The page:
Advertising needs more characters, fewer emoticons

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Best of Campaign 2014: The new generation of industry leaders must rise above the "sea of sameness"

The torch is being passed, and the next generation of leaders is taking the helm in some of the world’s largest and most reputable agencies. Two semi-recent appointments immediately come to mind: Yannick Bolloré, chairman and CEO of Havas, and Carter Murray, worldwide CEO of FCB.

This new leadership group is young, smart, ambitious and determined to win, which is to be expected. That said, we are also very different from our predecessors — we grew up with technology in hand, and many of us actually started our careers in advertising riding the digital wave that took place between the late 1990s and early 2000s. As a result, we think differently.

The battle for the client boardroom has remained the same, but the range of weaponry we will use to win pitches is innovative, imaginative and without rules or boundaries.

Sounds pretty great! But something is missing …

Where have all the characters gone?  

Are we relying too much on viralocity, animated Keynote decks and the next new thing in place of personality? When I started my career in Toronto in the early 2000s, characters defined this industry. Paul Lavoie (founder of Taxi), with his larger-than-life presence and shaved head. Rick Padulo (founder of Padulo), who looked as though he was straight out of "Goodfellas." And Geoffrey Roche (founder of Lowe Roche), with his pocket scarves and three-inch collars. They stood out as much for their intellect as they did for their public personae. And one thing’s for certain: They never held back from offering an opinion.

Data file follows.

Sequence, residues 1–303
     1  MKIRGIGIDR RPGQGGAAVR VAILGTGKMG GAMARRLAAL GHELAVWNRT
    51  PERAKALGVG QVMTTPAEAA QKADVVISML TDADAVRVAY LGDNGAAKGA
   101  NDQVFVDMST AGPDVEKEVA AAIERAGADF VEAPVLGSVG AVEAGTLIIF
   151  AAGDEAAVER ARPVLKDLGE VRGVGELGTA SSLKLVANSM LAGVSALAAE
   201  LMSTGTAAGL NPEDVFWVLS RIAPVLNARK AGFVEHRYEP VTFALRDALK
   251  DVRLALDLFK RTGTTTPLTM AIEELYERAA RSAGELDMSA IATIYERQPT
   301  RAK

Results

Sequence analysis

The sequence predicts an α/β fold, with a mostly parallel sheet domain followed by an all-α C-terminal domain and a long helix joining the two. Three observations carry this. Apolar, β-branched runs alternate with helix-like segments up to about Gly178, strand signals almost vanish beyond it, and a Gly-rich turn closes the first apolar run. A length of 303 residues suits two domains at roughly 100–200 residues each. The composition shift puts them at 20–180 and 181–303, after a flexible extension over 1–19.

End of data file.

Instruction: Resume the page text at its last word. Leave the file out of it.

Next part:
As many know, I spent a few years working alongside Tony Chapman (founder of Capital C), another character in his own right.  Unfiltered and unbridled like his iconic hairstyle, socks and sense of fashion, Tony was the master of the metaphor. "Shifting sands"; "sea of sameness"; "head, heart and hands" were all terms many of us heard again and again in the boardroom.  

His greatest advice to me was, "Put your opinions out there. People will agree or disagree with you, call you courageous or a fool, but you are the one who had the guts to know that over time you will be proven either very right or very wrong. Be provocative and in doing so you will attract the clients that want to be part of inventing the future versus playing in the present."

I still hold myself accountable to Tony’s advice today.

Our industry needs to reincarnate the characters, the trailblazers and the opinionated. The Leo Burnetts and the David Ogilvys. These individuals harnessed the best minds of the day and added their own vision, style and intellectual firepower to the entire advertising and marketing industry.  

Our need for characters has never rung more true than in this era of commoditization and procurement. We need to showcase value beyond the cheapest rate card. We can’t accept the "sea of sameness" as the industry's character today. Burnett and Ogilvy had distinctive points of view, clear missions and principles that they lived and died by and that clients respected. But ultimately the distinctiveness of these greats manifested itself in the work.

So, a challenge to all my peers (and myself): Let’s do some amazing work while having fun and adding flavor back to this business. Let’s trailblaze again, be opinionated, and infuse flare and energy back into the industry.  

I’m going sock shopping as I type …

See you in the boardroom.

Nick Dean is president of KBS Toronto.

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